“I’m late.  I know.  I’m sorry.”

Maggie halted her silent litany of discontent and looked up. Biting her tongue, she reined in the rude response that sprang to mind, but didn’t even try to control the constant drumming of her fingertips against her desk.  This was her own fault.  She’d taken a chance and hired a web design consultant from a listing in an online directory.  Yes, she knew better.  Yes, she should have checked to confirm the glowing testimonials on his website were legit, but she hadn’t.  She’d taken one look at his work and been sold.  Well, she was paying for her hastiness, wasn’t she?

Caveat Emptor.  Let the buyer beware.  Hopefully, at the very least, she’d come out of this with a lesson learned.

Relaxing her jaw enough to speak, Maggie stood and reached out her hand.  “Mr. Hanson.  So glad you could make it.”

He shook her hand and winced.  Likely at the sarcasm in her voice, because while she’d been tempted, she hadn’t dug her nails into his hand.  She was far too professional to do such a thing.  His professionalism had been in doubt for the last twenty minutes.

Sitting back down, she pointed to one of the chairs opposite her desk in a silent invitation for him to sit as well.  Then she waited.  Waited for the excuses that were sure to start rolling off his tongue.  Because really, seeing as her life had been chock full of irresponsible men, she knew exactly what to expect.

Instead of sitting, he took off his glasses–yes, he had computer geek written all over him–and rubbed his face with his hand.  The face he’d apparently forgot to shave this morning.  And she didn’t miss the fact his clothes looked as if he may have slept in them.

Yet despite the sloppy appearance, something about his eyes woke something in her.  Something Maggie had long ago decided was a waste of energy, so she’d boxed it up and done her best to forget about it.  For the most part, she managed just fine.

She swallowed a sigh, squashing whatever it was she felt.  This was real life, not a romance novel, and she needed to focus.

What had she gotten herself into?  She had a self-imposed deadline to get her new site up and running and it looked like she’d have to go back to the beginning and start from scratch again.

Before she could suggest he leave, the phone clipped to his belt started to sing.  Oh, this just got better.  What kind of grown man had Scooby Dooby Doo, where are you, as a ringtone? And instead of apologizing again, and turning his phone off, he answered it!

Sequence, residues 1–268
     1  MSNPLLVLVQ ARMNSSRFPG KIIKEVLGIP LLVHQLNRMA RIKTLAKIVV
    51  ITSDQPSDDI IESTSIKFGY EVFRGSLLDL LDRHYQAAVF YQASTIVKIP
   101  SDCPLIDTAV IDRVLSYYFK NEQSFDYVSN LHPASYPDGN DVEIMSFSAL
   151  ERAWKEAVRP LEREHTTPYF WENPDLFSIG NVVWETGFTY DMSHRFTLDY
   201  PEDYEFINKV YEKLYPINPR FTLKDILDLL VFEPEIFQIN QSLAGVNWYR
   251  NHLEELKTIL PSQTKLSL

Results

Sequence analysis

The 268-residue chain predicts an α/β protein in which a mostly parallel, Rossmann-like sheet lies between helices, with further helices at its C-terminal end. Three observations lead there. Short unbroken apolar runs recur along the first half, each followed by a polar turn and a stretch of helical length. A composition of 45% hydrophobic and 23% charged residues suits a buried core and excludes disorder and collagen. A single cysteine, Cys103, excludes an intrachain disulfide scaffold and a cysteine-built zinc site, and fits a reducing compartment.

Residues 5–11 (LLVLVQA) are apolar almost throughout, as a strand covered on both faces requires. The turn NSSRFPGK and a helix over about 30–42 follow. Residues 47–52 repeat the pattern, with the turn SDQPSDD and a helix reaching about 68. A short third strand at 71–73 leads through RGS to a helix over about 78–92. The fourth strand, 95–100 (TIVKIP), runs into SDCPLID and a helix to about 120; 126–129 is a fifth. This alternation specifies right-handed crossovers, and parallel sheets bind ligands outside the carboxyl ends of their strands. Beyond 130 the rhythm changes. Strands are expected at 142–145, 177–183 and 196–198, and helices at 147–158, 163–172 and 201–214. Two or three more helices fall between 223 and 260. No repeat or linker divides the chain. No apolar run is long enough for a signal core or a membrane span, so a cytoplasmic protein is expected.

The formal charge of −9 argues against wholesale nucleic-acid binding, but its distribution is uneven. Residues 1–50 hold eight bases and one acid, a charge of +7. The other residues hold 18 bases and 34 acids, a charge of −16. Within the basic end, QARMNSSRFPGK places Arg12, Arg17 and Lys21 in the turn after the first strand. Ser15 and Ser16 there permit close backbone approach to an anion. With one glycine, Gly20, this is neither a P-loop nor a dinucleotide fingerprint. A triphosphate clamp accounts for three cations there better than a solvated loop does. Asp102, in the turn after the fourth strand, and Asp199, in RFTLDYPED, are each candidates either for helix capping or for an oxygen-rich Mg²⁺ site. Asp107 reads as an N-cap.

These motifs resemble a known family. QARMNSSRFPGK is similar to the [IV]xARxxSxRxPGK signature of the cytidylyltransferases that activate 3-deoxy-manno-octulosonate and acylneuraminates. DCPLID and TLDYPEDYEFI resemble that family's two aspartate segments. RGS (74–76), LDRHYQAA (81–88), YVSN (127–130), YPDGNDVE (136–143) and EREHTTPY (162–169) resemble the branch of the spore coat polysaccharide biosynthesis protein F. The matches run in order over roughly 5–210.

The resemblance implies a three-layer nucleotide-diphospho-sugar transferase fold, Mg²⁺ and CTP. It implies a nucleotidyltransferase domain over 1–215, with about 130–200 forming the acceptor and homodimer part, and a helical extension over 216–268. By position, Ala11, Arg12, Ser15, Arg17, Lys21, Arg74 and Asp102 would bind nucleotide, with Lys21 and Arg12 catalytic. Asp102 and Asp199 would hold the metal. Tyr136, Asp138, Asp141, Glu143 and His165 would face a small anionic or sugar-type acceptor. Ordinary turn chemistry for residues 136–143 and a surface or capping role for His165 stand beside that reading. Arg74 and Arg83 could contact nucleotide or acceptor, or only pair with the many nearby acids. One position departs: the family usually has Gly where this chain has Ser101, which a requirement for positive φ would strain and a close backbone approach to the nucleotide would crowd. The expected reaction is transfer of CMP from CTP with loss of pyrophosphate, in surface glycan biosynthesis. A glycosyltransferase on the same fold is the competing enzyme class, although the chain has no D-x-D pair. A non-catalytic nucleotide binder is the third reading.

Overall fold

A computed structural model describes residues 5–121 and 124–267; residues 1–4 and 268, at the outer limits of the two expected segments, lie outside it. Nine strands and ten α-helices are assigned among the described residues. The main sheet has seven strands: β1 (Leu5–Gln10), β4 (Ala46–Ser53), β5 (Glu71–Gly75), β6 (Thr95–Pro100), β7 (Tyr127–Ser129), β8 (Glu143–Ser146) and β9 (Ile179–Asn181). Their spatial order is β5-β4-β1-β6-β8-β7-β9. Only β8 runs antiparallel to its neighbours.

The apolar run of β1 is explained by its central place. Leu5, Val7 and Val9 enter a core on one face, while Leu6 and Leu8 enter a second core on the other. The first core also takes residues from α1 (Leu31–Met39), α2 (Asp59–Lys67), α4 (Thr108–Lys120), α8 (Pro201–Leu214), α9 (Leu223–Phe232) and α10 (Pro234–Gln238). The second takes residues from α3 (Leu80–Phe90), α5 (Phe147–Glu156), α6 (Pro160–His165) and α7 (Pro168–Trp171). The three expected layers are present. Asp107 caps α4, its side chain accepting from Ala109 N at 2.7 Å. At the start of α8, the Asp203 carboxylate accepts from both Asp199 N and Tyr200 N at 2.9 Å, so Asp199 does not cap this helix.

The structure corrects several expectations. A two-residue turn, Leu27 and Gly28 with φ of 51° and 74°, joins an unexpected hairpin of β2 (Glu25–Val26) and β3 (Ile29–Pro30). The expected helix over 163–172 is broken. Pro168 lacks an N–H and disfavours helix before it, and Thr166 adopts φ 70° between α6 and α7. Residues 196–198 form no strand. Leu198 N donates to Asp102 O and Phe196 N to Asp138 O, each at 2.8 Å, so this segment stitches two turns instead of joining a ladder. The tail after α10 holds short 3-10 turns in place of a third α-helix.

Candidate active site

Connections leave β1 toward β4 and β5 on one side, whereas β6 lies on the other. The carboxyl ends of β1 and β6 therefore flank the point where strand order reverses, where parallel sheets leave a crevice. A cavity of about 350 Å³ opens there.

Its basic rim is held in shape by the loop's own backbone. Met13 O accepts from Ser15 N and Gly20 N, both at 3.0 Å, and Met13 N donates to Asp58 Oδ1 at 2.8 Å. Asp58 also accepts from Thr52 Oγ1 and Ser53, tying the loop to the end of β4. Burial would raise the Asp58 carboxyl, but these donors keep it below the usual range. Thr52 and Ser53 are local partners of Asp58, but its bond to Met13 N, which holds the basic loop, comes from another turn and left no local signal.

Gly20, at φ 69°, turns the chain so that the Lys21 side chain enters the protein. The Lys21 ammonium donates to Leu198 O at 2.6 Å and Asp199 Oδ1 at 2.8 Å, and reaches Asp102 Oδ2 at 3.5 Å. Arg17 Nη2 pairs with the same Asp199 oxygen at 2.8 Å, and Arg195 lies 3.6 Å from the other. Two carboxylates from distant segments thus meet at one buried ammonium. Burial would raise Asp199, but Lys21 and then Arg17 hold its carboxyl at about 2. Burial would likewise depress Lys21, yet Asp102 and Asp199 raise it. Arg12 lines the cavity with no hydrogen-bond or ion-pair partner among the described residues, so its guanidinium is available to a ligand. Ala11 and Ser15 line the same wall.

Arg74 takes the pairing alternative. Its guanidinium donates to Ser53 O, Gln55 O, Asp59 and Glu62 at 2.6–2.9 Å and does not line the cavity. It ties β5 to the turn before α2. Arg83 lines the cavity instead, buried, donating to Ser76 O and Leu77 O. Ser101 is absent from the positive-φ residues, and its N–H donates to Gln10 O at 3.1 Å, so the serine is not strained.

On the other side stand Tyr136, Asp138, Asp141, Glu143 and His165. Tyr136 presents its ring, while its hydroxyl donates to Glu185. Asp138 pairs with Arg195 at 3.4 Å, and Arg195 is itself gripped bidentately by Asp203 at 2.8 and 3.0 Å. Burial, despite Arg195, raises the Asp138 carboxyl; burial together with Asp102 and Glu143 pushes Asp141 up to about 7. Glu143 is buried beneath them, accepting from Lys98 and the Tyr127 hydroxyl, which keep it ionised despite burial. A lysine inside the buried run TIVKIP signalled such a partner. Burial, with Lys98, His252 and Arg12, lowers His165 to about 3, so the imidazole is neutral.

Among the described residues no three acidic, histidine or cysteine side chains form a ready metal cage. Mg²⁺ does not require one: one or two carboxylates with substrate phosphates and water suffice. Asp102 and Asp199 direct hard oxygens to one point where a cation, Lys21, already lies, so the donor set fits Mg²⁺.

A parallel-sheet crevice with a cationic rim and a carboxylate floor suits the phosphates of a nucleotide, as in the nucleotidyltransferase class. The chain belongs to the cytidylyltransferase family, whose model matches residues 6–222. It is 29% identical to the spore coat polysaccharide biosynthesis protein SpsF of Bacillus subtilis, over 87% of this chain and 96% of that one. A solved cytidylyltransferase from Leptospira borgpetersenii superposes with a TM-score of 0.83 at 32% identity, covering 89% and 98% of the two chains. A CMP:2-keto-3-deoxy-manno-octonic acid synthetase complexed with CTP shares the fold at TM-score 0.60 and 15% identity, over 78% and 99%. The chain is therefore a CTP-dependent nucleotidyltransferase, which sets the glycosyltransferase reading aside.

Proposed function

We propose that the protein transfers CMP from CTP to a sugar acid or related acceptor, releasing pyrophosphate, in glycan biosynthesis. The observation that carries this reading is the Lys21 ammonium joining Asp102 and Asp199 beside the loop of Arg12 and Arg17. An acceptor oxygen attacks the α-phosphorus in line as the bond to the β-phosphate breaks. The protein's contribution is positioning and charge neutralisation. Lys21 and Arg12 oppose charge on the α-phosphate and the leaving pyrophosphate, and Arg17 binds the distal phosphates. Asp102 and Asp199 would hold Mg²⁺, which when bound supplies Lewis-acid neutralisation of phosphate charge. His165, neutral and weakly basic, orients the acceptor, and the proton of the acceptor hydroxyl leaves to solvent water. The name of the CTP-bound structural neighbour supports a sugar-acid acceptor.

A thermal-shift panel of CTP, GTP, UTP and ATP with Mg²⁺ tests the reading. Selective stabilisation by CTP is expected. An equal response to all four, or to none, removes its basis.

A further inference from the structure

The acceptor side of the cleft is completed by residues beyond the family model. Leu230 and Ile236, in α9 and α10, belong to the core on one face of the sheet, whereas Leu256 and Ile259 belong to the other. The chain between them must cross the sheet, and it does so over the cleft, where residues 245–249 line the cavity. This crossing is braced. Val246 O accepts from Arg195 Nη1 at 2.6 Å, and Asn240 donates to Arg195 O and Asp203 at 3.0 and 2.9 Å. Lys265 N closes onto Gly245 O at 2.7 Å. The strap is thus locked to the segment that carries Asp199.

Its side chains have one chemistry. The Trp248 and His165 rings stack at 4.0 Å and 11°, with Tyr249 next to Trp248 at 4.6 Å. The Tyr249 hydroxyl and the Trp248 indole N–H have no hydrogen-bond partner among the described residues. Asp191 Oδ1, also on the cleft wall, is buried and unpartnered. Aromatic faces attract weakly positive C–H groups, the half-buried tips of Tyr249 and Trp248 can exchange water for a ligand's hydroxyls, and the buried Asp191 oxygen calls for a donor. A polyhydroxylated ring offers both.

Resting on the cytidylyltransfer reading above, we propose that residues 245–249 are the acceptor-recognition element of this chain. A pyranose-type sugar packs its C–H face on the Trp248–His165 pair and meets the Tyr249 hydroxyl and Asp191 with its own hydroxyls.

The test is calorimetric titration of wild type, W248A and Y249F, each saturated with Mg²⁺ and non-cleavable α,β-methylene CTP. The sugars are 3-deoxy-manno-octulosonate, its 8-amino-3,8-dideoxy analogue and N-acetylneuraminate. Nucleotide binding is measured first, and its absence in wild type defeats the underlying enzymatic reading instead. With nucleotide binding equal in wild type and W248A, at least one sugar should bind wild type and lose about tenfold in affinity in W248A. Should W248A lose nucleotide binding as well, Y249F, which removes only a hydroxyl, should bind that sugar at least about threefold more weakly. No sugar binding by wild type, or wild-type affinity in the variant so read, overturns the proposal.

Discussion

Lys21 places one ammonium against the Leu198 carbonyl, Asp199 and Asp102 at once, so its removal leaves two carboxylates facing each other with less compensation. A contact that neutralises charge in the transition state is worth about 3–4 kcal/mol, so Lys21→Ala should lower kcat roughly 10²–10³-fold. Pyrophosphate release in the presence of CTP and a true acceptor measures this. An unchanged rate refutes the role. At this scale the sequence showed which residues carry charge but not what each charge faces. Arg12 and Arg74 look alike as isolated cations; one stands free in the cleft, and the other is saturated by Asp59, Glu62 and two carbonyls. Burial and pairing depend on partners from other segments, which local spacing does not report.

Although his voice dropped a few decibels, Maggie had no problem hearing him.  “Sweetheart, I haven’t even been gone an hour.  I told you I’d be back as soon as I could.”

And there it was again. That inexplicable awakening.  Only this time it brought with it a feeling of–what?  Discontent?  Why would she even care that this man–whom she was having a hard time respecting–had a “sweetheart?”

Maggie stood and started walking to the door.  Enough was enough.  The man clearly wasn’t a professional, and regardless of how brilliant his web design may be, there was no way she could work with him.  She prided herself in being reliable and expected the same from the people she worked with.

And besides, he stirred up things better left alone.

Hand on the door, she turned back to him just in time to see him scrub a hand over his face again.  “Sweetie, I know you’re in pain.  And I promise I’ll be back home as soon as I can.  You know I wouldn’t have left you unless it was absolutely necessary.”

She rolled her eyes.  Oh, brother!   Maggie liked to believe that not all men were insensitive to the needs of others, but this was ridiculous.  What we he, a doormat?

Wait…what’s he saying now?

“…and I know the pills taste yucky, but do what Grandma says and take it, okay?  Daddy will be home as soon as he can.  I’ll pick up some of your favorite snacks, and we’ll just hang out for the rest of the day and watch Scooby reruns, okay?   I have to go now.  Be a good girl, and listen to your Grandmother.”

He hung up and looked at Maggie.  “I’m sorry.  My daughter broke her leg yesterday.  She’s cranky, she’s whiny, she clingy, and she’s in pain.  Bad combination when you’re eight.  I was up with her all night.”

Suddenly the rumpled clothes, the barely washed, unshaved face disappeared and a concerned, distracted father–something hers had never been–took the place of the bum she’d assumed walked into her office moments ago.  Well, you know what they say about assumptions, she thought to herself.  And hadn’t she just proved them right?

Maggie’s alter ego–the softer, more sentimental Maggie, the one she’d kept under wraps for so long, the Maggie that still had dreams of the kind of man who would be around for her when she needed him–pushed the more pragmatic Maggie aside.

Walking back toward him, sure her body language conveyed a different message than the one it had been screaming moments ago, she said, “Oh, no.  I’m so sorry.  What happened to her?”

He grinned at her, then put his glasses back on.  And oh, my.  They did nothing to hide the mixture of love, tenderness, anxiety and merriment that shone from his eyes.

“My baby girl is something of a tomboy.  It’s just her and me, so maybe that’s why.  Anyway, she had to try to prove herself to a bunch of boys yesterday.  Or so she says.  Basically, they told her that there was no way a mere girl could outshine them on a skateboard, so she took it upon herself to show them the error of their way.  That this isn’t the dark ages.  Girls can do anything boys can do!”

Maggie made a fist with each hand and thrust them toward him, thumbs in the air.  A grin of her own stretched across her cheeks.  “Yay, girl power.  But it’s not so cool when you get hurt trying to prove a point.”

Recalling times from her own childhood, times when she’d wished her dad was interested enough to cancel whatever he had going on to be with the daughter that sometimes desperately needed him, Maggie asked, “Did she want you to stay with her today?”